BRIEF STATEMENT OF THE INVENTION

According to this invention, a coupler or coupling tool is proposed with active alignment of one fiber with respect to another in both planes of interest, i.e. the vertical position and the lateral position. A key feature of the alignment means is that as one position is adjusted slightly, the other position is automatically adjusted through full range. This is accomplished rapidly enough that it is simple to test all combinations of the two positions.

BRIEF DESCRIPTION OF THE DRAWINGS

FIG. 1 is a perspective view of a coupler assembly constructed using the teachings of the invention;

FIG. 2 is a perspective view showing in detail the adjustment element of the coupler of FIG. 1;

FIG. 3A is a schematic view of the adjustment element of FIG. 2 and the fiber being coupled in a first position of rotation of the element;

FIG. 3B is a schematic view similar to that of FIG. 3A showing the adjusting element in a second position of rotation;

FIG. 4 is a view in section through FIG. 3A with a section of FIG. 3B shown in phantom;

FIGS. 5A and 5B are schematic representations of an alternative construction for the adjusting element;

FIG. 5C is a sectional view through FIG. 5A as shown.

FIG. 6 is a sectional view similar to that of FIG. 5C.

FIG. 7 is an alternative arrangement to that of FIGS. 5A and 5B.

FIGS. 8A and 8B are views of an alignment apparatus designed for independent control of vertical and horizontal adjustments.

DETAILED DESCRIPTION

A coupler according to the invention is shown in FIG. 1. It should be understood that the term coupler as used here means a permanent coupling device, or a temporary coupling tool used to make a permanent coupler. A support base 10 is shown with a first fiber section 11 in fixed position on the base. The device is designed to align the core 12 of fiber 13 to the core 14 of fiber 11. For simplicity these fibers have only a core section and a surrounding section. The fiber may be a single mode fiber, with a small core, or a multimode fiber with a relatively larger core. The material surrounding the core may be cladding material alone, or may include a coating material as well. It may also include a sheath fixed to the ends of the fiber for the purpose of coupling or splicing. Whatever form the outer surface of the fiber takes, that surface is designed to rest in the indented portion of the alignment element. As mentioned the fiber section 11 is relatively fixed, while the fiber section 13 is free to move both laterally and up and down. A clamp means (not shown) is conveniently provided for fixing fiber section 13 in place either temporarily, while the coupling or splice is being effected, or permanently. The fiber sections may be joined permanently by a variety of techniques known in the art, e.g. fusion splicing, adhesive splicing, or mechanical splicing. The invention resides in the means for adjusting the fiber prior to coupling, and is practically implicit from an examination of FIGS. 3-5. The adjusting member 15, illustrated in FIG. 2, is shown here as a screw, but in general is an elongated member having means for translating it in a direction lateral with respect to the support means 10 and the end of fiber section 11. Adjustment means 15 is grooved as shown to accommodate the fiber section 13. The groove is shown extending into the elongated member 15, in this case a screw with a portion of reduced diameter as shown more clearly in FIGS. 3A and 3B. It should be apparent that the grooved section of the adjusting member could be larger than the remainder of the screw, or the groove can be deeper than that shown. This consideration is important in determining the extent of upward-downward excursion of the fiber as will later be described.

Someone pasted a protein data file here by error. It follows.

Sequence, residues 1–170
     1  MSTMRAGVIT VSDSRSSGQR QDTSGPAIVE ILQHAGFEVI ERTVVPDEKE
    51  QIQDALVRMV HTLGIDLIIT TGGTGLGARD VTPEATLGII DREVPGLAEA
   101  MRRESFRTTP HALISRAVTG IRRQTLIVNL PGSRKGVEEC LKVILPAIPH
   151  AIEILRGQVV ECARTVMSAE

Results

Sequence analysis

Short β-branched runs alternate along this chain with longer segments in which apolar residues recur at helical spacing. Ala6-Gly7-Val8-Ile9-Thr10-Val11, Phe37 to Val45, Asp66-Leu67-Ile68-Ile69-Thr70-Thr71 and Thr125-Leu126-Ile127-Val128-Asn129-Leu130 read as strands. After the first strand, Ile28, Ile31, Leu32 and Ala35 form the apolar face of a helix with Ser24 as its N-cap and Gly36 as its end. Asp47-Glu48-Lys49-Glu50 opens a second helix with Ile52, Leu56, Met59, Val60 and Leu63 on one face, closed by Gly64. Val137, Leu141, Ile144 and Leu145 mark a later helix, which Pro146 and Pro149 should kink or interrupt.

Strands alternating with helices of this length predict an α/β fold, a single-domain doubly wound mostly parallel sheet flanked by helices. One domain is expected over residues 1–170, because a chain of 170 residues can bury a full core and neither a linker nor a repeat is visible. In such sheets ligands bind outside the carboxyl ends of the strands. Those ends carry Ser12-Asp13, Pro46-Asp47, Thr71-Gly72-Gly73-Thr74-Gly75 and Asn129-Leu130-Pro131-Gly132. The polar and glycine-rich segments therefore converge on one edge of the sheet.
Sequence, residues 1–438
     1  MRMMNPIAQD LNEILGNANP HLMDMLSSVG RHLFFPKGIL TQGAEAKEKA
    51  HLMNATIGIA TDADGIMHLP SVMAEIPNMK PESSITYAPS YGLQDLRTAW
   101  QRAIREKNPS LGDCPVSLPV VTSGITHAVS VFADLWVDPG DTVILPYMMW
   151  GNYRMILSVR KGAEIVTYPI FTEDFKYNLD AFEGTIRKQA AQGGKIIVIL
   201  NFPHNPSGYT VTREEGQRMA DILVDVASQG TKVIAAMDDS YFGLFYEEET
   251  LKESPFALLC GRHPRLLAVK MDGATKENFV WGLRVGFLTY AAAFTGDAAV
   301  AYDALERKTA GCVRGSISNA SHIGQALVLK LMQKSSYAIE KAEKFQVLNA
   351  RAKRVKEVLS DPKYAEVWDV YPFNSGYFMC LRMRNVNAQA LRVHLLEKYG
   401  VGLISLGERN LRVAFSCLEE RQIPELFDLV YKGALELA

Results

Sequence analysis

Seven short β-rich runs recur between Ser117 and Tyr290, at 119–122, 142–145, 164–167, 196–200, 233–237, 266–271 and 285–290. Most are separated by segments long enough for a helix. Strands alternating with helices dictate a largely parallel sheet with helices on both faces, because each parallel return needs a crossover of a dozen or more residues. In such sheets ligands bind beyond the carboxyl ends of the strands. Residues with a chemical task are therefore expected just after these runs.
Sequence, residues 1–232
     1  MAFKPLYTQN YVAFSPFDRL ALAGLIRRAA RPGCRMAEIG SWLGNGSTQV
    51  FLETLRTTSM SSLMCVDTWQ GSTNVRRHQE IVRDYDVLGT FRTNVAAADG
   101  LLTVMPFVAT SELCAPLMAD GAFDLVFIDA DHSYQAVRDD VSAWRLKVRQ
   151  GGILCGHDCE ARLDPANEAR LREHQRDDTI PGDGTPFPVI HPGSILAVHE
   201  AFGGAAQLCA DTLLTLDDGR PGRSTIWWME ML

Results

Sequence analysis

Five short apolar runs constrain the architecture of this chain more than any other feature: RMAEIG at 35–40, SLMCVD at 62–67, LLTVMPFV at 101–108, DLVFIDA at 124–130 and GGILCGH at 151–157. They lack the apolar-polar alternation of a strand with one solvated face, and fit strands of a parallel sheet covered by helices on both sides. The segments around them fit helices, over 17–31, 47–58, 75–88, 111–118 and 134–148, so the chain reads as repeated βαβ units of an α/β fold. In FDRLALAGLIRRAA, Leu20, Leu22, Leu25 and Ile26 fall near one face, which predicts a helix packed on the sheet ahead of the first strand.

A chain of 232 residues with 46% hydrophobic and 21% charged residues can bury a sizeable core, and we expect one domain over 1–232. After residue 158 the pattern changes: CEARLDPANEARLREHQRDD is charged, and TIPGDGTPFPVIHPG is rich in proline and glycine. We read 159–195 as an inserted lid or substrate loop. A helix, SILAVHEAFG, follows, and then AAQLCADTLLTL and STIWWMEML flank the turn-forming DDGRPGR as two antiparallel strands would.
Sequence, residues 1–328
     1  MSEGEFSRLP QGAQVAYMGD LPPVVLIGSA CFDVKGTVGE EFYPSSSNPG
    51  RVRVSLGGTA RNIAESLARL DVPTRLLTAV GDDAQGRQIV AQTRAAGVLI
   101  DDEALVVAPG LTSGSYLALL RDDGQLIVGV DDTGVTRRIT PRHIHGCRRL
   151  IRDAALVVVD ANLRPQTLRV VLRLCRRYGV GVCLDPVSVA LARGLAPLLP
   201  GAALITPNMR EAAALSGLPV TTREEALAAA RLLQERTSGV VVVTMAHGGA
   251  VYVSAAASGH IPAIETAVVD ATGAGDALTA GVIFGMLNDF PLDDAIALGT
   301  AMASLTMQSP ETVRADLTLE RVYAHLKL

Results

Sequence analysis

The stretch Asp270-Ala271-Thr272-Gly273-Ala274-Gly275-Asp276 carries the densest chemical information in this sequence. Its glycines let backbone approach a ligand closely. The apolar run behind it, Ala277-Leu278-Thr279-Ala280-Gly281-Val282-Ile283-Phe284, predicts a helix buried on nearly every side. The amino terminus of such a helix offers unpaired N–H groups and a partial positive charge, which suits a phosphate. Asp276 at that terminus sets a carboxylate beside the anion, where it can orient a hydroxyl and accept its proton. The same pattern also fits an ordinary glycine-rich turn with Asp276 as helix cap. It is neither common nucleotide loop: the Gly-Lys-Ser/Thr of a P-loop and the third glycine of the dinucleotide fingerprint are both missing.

Referring to FIGS. 3A and 3B it will be evident that the groove, according to one aspect of the invention, is of varying depth around the periphery of the adjustment member. As the adjustment member is turned, conveniently at the same time the lateral adjustment is effected, the fiber will move up and down by a distance determined by the difference in depth of the grooves shown at the top and bottom of FIG. 3A (or 3B). Advantageously, that distance is made to correspond to the maximum vertical adjustment contemplated for fiber section 13. The amount of excursion in the lateral dimension with each turn of the adjusting element 15 is made to be a relatively small fraction of the total adjustment expected for fiber section 13. The result of turning the adjusting element 15 therefore is a fine adjustment of the fiber section in one direction, coupled with a large adjustment in the other (these could be reversed). Therefore, each fine lateral adjustment is combined instantly with the full range of vertical adjustments. If desired, the adjustment element can be duplicated in a direction perpendicular to element 15, i.e. threaded through the thickness of the support means 10, and used to achieve these same results in the other plane. Alternatively, a single adjustment means can be nearly as effectively made that way, i.e. to extend in the vertical dimension.